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(Read Part 1, Part 2 and Part 3)

Randy-WhiteSeparation and ecumenism are polar opposites on the spectrum of Bible doctrine. We have learned that ecumenism entails the uniting of professing Christians—regardless of doctrinal differences—into a single group to accomplish spiritual objectives. Such a group would obviously be in peril of being influenced by false teaching or unbiblical practice.

Separatists, on the other hand, teach that ecclesiastical endeavors should be undertaken by like-minded believers who agree in doctrine and practice. It is this basic central principle that compels them to refrain from participating in ecumenical events such as community-wide Thanksgiving services.

Along the same lines, we have seen from 2 Timothy 2:15-21 that taking a generic approach to ministry in the hopes that our message will have wider appeal actually has the opposite effect. A doctrinally vague and vacuous message ultimately falls into the category of “profane and vain babblings” (v. 16)—and will be recognized as such even by the unbelieving world.

In the previous article we saw that the error espoused by Hymenaeus and Philetus related to teaching that the future resurrection of individual believers in Christ (which will be accomplished at the rapture and at His second coming) “is past already” (v. 18).

That leads us to this question: Does it truly matter what we believe about a doctrine like the resurrection? Are we able to serve the Lord effectively alongside those who do not agree with our doctrinal distinctions on such matters?

Even if we were to regard such differences to be minor, however, consider the deeper significance of the doctrine espoused by Hymenaeus and Philetus. If their teaching about the resurrection is true, then, in fact, we must already be living in the kingdom of God. The kingdom must have already been established.

And if that is true, there are many additional implications which flow from that position. In fact, I believe that almost every theological error in the church today stems from the teaching that the kingdom has already been established to some degree or another—even though some variation of this view is promoted almost universally throughout the Christian world.

We will be able to know with certainty when the kingdom has arrived, however, as it will involve the resurrection of dead saints (cf. Rev. 20:6). Until then, we need not be confused by any idea that we are in the kingdom—or even that it is “already, not yet” (i.e., the doctrine of the inaugurated kingdom).

Where do we turn for hope and encouragement in days of such theological confusion as these? Paul provides the answer with these words: “Nevertheless the foundation of God standeth sure” (v. 19).

Regardless of the ecumenical activity going on around us—or how ostracized we may feel when we choose not to participate—we need not worry about it. “The Lord knoweth them that are his” (v. 19).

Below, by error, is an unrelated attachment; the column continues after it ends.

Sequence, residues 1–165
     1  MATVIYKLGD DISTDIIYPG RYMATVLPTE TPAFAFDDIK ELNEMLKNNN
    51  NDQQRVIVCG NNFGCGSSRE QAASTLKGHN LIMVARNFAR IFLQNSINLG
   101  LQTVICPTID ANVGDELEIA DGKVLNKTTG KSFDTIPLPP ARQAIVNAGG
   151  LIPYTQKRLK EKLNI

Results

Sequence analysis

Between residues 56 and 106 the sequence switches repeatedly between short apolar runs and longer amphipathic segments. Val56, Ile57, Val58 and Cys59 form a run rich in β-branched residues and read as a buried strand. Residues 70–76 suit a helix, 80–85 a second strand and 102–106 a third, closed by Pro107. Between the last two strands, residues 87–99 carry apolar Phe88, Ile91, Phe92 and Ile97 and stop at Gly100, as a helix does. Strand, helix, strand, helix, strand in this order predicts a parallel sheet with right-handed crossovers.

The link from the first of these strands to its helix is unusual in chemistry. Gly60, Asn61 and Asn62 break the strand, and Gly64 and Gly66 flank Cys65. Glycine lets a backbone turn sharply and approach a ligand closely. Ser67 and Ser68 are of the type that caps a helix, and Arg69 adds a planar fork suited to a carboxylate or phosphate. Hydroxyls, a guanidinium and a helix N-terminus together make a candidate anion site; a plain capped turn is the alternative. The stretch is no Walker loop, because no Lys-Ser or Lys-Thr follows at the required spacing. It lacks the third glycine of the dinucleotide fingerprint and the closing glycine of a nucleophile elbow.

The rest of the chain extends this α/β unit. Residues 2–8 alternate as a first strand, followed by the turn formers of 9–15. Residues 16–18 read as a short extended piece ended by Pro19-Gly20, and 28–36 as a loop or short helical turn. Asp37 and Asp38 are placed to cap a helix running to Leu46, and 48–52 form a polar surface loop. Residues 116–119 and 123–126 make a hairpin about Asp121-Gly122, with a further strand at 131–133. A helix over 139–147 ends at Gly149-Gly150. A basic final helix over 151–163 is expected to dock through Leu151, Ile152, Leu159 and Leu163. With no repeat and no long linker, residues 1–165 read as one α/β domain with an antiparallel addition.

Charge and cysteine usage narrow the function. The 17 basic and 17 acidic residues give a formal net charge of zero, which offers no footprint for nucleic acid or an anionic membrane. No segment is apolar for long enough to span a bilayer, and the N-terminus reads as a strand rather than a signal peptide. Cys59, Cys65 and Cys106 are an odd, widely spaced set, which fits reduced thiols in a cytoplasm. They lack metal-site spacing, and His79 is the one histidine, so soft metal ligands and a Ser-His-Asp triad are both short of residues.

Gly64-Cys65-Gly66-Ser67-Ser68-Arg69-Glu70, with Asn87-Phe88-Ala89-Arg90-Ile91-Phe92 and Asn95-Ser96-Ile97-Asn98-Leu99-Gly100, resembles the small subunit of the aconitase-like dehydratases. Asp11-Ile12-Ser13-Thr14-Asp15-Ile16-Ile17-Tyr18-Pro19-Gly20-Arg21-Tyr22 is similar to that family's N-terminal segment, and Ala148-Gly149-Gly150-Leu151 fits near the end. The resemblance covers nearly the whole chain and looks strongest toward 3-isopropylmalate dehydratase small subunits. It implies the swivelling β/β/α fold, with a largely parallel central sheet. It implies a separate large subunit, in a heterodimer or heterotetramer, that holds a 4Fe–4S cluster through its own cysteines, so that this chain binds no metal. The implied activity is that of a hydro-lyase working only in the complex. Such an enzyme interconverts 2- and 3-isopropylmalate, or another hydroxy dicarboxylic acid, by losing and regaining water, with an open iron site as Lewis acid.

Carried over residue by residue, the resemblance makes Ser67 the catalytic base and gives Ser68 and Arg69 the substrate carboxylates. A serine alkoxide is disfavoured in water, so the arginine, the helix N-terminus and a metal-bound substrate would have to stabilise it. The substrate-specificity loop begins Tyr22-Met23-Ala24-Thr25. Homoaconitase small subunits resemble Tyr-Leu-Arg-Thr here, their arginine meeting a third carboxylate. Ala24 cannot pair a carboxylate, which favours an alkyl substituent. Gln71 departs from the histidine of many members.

When we teach the doctrine of separation, we will find that the world will love people like Hymenaeus and Philetus—but it will hate us.

What Separation Is Not
In summary, we note that the doctrine of separation does not mean that we as Christians cannot have close friends who belong to other denominations or hold to different faiths.

It also does not forbid us from participating in community events, nor does it prevent us from working together with people of other faiths on political, social or moral issues.

What Separation Is
Separation does mean that programs of a purely religious nature should be separated among the churches.

If we are coming together to worship God or to engage in evangelism, we must be separate from those who do not agree with us on matters of faith and practice—in terms of core convictions regarding the Scriptures. Failing to do so, we will inevitably foster confusion in areas even as basic as the message of salvation.

How Should We Apply This Teaching?
What we need to do, most of all, coming out of this series, is to get to know our doctrine better and enhance our own beliefs—rather than mixing them all together with those of other faith systems.

“Let’s just love God and love people and everything will be good” is a popular form of “profane and vain babblings” (v. 16) that will “overthrow the faith of some” (v. 18) and “increase unto more ungodliness” (v. 16).

We need to rethink the doctrine of separation.

When we are coming together to worship God and serve Him according to the truths of His Word, we ought to participate family-by-family—rather than by communities or as an entire nation—in such a way that we can agree on basic matters of the faith.

As we do so in the grace of our Lord Jesus Christ, we will help people in the congregation—and even in the community—to understand more about the source and the importance of our beliefs.

If you have not yet done so, I invite you to watch the sermon upon which this series has been based in its entirety. It is available below.

Copyright © 2015 Dispensational Publishing House, Inc.

Scripture taken from the King James Version.